I’ve always drawn and sketched. It was actually a friend who gave me the idea. He saw my drawings and motivated me to get a foothold in this field of work. So, I went to a tattoo studio with my portfolio and luckily it worked on the first try. The studio owner thought my drawings were good and then he trained me. The first time I was supposed to tattoo someone myself I blacked out. It took me a half an hour to an hour just to put the needle in their skin. After the first two centimetres I put everything down again and hid myself in the cellar of the tattoo studio (laughs). My former boss took over the job. Drawing on people is something quite different. The skin works with you. You have a three-dimensional surface in front of you, a person. You have to more or less pause depending on the person. Everyone has their own experience of pain. But the most important thing is that you can’t erase your mistakes away like on a piece of paper. Every stitch must be correct. The other person has to walk around with it for the rest of their life. You have to be aware of that responsibility. Of course by now I’ve gotten over it. I’ve been tattooing now for almost seven years. You get more seasoned.


What do you think makes a good tattoo artist?

It’s bad when you only do it for money and don’t bring any patience or time with you. It’s also not good if you don’t have your own motifs and just copy everything.

Good tattooing is if you do with your heart and soul, if you take your time and find out what your customer wants to have, and if you get into the person. If you have your own motifs and show a feel for light and shadows. Yet, it’s more important that you have a conscience and don’t forget that you are giving this person something for their life. That’s why there are tattoos that I don’t do.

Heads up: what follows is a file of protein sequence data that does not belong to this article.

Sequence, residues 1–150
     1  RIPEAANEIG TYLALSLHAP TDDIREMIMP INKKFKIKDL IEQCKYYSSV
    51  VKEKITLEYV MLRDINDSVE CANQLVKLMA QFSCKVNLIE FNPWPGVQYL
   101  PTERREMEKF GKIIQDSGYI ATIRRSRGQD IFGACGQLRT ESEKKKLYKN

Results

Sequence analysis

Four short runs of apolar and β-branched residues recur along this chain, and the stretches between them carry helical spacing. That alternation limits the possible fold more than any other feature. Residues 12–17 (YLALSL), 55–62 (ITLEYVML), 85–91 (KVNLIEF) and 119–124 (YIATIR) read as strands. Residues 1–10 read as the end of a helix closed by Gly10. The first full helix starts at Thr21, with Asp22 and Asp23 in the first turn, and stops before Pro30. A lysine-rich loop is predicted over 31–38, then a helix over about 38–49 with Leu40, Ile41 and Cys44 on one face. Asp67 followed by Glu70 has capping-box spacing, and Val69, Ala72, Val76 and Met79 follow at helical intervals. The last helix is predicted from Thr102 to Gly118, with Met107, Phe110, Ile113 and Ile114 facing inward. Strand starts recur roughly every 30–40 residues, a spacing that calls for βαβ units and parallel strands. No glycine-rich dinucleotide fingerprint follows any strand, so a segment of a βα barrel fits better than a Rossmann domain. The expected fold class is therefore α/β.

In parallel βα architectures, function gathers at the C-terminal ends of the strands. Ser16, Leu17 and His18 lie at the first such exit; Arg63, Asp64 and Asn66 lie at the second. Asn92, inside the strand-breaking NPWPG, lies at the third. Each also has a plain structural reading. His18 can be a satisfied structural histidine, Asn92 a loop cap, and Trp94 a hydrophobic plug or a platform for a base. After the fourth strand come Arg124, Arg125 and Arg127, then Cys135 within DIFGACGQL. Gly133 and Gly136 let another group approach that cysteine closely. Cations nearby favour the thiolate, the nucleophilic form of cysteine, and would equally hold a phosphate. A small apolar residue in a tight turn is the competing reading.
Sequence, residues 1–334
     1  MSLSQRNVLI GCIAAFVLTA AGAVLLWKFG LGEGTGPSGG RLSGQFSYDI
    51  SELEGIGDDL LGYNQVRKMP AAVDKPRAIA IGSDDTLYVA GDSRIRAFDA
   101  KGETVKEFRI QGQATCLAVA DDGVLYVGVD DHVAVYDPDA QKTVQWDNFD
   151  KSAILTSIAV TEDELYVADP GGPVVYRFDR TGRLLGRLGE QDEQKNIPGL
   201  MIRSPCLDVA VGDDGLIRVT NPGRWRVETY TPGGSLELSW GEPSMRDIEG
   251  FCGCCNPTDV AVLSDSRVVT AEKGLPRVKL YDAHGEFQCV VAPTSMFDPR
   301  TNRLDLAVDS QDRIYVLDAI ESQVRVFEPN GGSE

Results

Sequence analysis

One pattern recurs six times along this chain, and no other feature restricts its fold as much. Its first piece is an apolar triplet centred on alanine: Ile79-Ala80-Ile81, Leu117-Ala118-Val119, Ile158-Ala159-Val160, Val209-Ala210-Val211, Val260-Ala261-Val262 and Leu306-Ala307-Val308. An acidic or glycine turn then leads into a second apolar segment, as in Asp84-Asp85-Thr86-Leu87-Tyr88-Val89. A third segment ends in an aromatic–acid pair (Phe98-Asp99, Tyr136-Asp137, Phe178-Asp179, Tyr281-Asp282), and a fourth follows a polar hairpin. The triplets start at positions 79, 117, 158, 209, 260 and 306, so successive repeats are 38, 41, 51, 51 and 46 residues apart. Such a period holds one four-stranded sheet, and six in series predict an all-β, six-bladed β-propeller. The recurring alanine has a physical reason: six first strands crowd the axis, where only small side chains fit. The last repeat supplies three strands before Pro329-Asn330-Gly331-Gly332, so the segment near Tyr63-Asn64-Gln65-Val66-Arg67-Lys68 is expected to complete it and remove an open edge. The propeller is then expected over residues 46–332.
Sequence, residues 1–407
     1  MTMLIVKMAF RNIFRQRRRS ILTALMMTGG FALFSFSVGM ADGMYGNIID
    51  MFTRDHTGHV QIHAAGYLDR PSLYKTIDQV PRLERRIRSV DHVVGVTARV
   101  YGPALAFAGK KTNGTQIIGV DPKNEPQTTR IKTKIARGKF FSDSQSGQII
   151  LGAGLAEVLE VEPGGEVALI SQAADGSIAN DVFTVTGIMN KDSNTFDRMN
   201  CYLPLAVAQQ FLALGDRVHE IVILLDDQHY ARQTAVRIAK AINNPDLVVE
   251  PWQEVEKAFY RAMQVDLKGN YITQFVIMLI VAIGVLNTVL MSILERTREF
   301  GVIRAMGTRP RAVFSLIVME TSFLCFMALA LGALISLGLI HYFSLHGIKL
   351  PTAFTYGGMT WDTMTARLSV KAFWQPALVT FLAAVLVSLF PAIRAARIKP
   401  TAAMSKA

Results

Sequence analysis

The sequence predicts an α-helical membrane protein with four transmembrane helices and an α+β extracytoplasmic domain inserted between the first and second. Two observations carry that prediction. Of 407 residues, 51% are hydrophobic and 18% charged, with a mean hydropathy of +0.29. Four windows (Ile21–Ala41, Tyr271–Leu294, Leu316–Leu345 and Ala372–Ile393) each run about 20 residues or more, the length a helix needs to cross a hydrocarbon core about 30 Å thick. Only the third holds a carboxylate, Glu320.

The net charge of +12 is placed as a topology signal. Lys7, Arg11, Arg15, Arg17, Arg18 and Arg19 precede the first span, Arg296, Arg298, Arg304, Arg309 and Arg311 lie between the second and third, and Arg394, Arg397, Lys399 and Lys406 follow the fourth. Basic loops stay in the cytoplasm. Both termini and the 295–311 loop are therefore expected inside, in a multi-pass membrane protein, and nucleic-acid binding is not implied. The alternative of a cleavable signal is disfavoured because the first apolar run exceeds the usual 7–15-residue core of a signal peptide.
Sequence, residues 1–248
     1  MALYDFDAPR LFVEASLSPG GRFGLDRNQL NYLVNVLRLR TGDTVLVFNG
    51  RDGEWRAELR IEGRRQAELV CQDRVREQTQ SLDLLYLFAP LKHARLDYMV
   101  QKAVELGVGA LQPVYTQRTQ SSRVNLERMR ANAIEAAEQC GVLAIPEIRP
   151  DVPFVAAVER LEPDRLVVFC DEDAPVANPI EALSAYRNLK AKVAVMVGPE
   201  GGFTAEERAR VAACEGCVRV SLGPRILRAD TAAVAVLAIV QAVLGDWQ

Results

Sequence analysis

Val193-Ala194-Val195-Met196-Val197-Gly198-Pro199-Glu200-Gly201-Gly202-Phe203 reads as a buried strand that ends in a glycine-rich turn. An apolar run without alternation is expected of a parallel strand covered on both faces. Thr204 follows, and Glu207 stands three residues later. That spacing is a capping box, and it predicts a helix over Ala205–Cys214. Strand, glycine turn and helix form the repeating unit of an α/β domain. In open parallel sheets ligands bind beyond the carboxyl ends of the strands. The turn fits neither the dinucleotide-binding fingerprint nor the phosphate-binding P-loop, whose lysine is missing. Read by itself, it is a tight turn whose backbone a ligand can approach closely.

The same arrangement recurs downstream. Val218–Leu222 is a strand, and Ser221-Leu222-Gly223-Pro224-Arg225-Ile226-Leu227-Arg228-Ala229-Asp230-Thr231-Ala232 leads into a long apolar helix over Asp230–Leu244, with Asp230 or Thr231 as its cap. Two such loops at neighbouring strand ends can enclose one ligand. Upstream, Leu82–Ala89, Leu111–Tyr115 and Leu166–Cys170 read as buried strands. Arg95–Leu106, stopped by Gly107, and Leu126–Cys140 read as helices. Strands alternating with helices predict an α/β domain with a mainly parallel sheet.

What would they be, for example?

I don’t tattoo anyone who asks me at the beginning if the laser treatment hurts. I want people to be aware that they have a tattoo for the rest of their life. I also don’t tattoo partner names on skin. For me that just seems like some sort of bad omen. One time I did do it, although I was sceptical about it. The woman had been married to her husband for twenty years and wanted to have his name in old German letters tattooed on her underarm. Three months later she was standing in the shop telling me, that her husband had left her for a younger woman. She wanted the tattoo changed. With a lot of tricks, »Ralf« became »Real Life«. Somehow it made sense then again. But since then I’ve distance myself from it and don’t tattoo any more partner names.

How can one recognise a good tattoo?

It’s a question of taste, of course. But for someone like me who prefers working with old school or neo-traditional styles, it’s those types of tattoos. You can recognise the motif from afar. That’s because of the way the job is done. You work with strong and thick lines and less with many small details and shadowing. These tattoos usually last longer. Skin lives and changes over the years, and tattoos change too. Because of the clear lines and structures, you rarely have this change or distortions with neo-traditional style.


Does your German-Turkish background play a role as tattoo artist?

It doesn’t really interest me whether it plays a role or not. I want my work to play a role, not my background. It’s not important to me.

But there are actually people who find out about me because of it. I have a few Turkish women, regular customers of mine, who are around 50. They are six or seven women who come to me either all together or in small groups every three months and get a tattoo. That began after I tattooed a friend of theirs. After her friends saw it, they also came to me. But for a few exceptions, you wouldn’t be able to tell that they are tattooed if you saw them on the street.


Interview: Ahu Gür

Follow uns
on Instagram!